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Climate+Identity Exploration Center
Revelation Pulley/Hinge:

Interconnecting eco-social identities & climate change

Location- Georgia Institute of Technology, Atlanta

Professor- Frederick Pearsall, Georgia Institute of Technology

Term- Fall 2019

Area- 12500 ft2

Mapping Framework- Team members-Paola Santiago, Prerana Kamat

Softwares Used-  Rhino 3D, Grasshopper, AutoCAD, Photoshop, Illustrator,  Vray

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The Baker building site was chosen as an ideal location for the new climate lab such that it remains in the vicinity of the other research facilities of the Georgia tech campus. After recording and analyzing the site it was found that  despite being rich in its natural and cultural characteristics, it’s identity remains concealed.

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Marking positions of the trees that previously existed with glass stele, a guided path along these is designed such that the observer is made to experience the highs and lows of the topography and the interplay of light and shadow cast by the tree canopy on the ramp and the stele. Playing with the perception of the observer through concrete poetry etched on the stele, Revelation Pulley functions as a machine system by amplifying forces of nature and therefore tries to bring the hidden identity of the site into light.


Buildings are responsible for at least 40 percent of our energy use and greenhouse gas emissions but also offer some of the fastest and least expensive solutions for reducing their environmental impact. The iterative process in building massing and envelope as a response to the extensive properties of the sites-topography, neighboring buildings and intensive properties of light, temperature and ventilation that were simulated with the help of environmental design tools and the best strategies were considered in the orientation and form of the structure to reduce this impact.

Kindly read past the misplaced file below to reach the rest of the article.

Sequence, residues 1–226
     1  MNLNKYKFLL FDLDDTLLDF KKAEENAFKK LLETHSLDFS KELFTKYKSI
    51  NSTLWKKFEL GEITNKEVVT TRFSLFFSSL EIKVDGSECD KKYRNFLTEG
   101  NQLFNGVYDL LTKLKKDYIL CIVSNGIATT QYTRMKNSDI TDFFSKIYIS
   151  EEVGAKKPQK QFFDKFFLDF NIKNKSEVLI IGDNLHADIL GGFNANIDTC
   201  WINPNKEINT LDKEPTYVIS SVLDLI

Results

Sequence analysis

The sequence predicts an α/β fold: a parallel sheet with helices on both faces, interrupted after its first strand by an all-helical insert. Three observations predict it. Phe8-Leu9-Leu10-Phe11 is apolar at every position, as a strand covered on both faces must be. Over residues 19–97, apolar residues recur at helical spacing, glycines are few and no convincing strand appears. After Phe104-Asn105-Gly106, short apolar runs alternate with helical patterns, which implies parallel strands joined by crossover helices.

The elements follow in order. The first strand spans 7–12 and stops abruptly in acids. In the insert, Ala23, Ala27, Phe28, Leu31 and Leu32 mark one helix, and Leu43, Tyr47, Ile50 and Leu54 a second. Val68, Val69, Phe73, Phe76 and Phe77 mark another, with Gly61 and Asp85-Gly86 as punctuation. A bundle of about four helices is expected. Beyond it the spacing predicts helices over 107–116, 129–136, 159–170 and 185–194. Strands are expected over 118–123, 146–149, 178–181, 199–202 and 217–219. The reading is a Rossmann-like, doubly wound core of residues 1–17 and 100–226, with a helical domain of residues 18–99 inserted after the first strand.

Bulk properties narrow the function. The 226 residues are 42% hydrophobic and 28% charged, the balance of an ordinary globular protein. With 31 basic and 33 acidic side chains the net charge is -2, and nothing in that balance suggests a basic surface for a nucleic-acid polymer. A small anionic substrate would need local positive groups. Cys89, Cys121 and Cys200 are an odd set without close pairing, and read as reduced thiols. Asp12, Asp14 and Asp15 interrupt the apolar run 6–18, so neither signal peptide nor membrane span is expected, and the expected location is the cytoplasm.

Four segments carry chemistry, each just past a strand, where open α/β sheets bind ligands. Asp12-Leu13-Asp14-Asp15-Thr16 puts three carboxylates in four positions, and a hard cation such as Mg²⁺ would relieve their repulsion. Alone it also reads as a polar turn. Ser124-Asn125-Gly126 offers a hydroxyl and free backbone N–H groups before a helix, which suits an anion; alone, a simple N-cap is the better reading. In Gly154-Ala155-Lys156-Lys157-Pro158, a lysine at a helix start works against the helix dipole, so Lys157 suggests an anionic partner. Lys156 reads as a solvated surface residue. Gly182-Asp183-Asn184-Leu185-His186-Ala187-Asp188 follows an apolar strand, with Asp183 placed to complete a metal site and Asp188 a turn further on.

The Climate Lab needed a space that allowed the work of the researchers to be made aware to the public. Revelation Hinge thus consolidates various functions and stratifies them to provide identity that balances researchers’ need for privacy with the increasing importance of interdisciplinary collaboration and display of work to the public. To maximize the relation to the exteriors-nature and the artwork of site, and to allow transparency to the work of the researchers the exterior surfaces are of glass and the construction is of CLT to reduce the carbon footprint of the building.

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